On the Fence for Change
In August Wilson’s Fences, Troy Maxson is a man that prides himself in all of his accomplishments in life, though he had very rough upbringing. The story takes place in the Hill District of Pittsburg where Troy and his family live as part of the growing middle class of African-Americans in the 1950’s. This time in history was the beginning of the Civil Rights movements for African-Americans. While it greatly affected the entire African-American population as a whole, it also strongly affected those who were in their older age. Troy is in his fifties with his mind set on how things should be in the world around him based off of the era he grew up in. He is an advocate for change, but at the same time, he is refusing to accept it.
The 1950’s marked the beginning of extreme changes in American history. Segregation was a big issue during these times. According to Patricia McKissack, “School desegregation was the major domestic political issue between 1955 and 1960.”(187) However, it did not stop at just schools being desegregated. African-Americans wanted their rights to other things as well. Some being of the older generation that came of age during unequal rights and discrimination, which meant that they had no driving rights, were limited to areas in which they could live, and along with living restrictions, there were job restrictions, too. (McKissack 187) This meant they would have to survive off of a low-income job. In Fences, Troy is a garbage man. However, even though he is in the lower class, he still prides himself because he made it farther in life than his own father. This later poses a problem when Troy’s son, Cory, gets an invitation to follow his dreams by being recruited for a college football team.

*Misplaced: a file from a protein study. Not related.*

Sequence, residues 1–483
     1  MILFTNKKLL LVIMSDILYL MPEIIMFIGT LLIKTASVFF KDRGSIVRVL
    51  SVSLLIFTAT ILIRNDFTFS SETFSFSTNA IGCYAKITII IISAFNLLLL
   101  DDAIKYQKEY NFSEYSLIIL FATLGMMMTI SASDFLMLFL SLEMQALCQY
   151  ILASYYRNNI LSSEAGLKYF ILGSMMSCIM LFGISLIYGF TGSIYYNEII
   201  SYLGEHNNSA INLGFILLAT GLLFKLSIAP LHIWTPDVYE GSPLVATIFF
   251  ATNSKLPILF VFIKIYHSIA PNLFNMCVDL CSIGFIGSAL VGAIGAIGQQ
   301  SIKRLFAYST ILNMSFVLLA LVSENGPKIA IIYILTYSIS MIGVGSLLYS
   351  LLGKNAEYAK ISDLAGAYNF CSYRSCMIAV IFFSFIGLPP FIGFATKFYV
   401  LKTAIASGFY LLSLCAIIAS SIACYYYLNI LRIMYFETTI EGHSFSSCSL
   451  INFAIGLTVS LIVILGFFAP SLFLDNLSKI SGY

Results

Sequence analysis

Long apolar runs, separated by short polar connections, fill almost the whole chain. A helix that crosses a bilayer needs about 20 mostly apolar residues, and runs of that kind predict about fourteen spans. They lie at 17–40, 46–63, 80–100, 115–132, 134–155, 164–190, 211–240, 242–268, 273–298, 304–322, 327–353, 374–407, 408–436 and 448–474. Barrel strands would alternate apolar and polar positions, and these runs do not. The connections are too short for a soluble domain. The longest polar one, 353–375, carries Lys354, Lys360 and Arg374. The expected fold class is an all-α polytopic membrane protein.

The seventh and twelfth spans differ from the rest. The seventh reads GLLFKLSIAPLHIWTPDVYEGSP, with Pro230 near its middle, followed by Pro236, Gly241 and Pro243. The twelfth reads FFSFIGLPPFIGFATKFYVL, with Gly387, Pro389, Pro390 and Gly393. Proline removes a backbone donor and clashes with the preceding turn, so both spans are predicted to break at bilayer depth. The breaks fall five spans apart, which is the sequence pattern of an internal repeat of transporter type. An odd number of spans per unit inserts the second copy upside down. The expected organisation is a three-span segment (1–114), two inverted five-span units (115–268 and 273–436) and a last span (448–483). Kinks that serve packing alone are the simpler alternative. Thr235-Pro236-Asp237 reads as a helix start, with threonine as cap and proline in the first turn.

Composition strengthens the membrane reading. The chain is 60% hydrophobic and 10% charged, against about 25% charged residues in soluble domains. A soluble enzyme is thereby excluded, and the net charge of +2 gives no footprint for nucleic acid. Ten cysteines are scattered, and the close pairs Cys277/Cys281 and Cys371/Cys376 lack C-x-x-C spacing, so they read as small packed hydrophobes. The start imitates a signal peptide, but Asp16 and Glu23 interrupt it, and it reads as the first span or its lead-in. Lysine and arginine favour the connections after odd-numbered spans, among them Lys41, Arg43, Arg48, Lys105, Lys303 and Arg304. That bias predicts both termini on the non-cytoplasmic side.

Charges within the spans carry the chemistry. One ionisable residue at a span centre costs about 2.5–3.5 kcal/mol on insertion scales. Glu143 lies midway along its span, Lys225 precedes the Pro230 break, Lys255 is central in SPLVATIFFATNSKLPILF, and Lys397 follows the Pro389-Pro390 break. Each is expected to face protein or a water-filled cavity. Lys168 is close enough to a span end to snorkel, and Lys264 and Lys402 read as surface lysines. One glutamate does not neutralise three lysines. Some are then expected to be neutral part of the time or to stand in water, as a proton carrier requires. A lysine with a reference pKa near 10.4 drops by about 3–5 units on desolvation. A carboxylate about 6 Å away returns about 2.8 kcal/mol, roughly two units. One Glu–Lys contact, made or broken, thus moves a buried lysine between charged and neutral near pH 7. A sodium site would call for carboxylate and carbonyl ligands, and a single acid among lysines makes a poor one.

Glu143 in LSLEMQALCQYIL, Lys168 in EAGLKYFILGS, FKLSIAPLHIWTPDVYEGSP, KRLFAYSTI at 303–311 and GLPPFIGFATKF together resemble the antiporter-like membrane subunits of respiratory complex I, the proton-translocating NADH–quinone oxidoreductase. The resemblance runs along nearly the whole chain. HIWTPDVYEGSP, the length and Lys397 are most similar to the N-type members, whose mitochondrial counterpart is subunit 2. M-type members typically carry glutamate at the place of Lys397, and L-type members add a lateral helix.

Troy was a great athlete. According to Bono, “Ain’t but two men ever played baseball as good as you.” (Wilson 149) When the major leagues were finally integrated, Troy was a bit too old to participate in them. This causes him to have some frustration and resentment towards the sport. When his son Cory gets recruited by a college football team, Troy expresses what can be viewed as jealousy. He never got to pursue his dreams of being a star athlete and he does not want his son to, either. Though, he has a few more reasons than that. Troy also expresses that he believes they will still discriminate against Cory because of the color of his skin. Events in which the laws are changed for the younger generations can make change very difficult for those who are past the age to make something of themselves. To them, it is not fair that they did not have the same opportunities. However, that does not mean that they should discourage the future generations from having big dreams that they can actually follow now. This is reflected in Fences by Troy’s reaction to Cory being offered the opportunity to make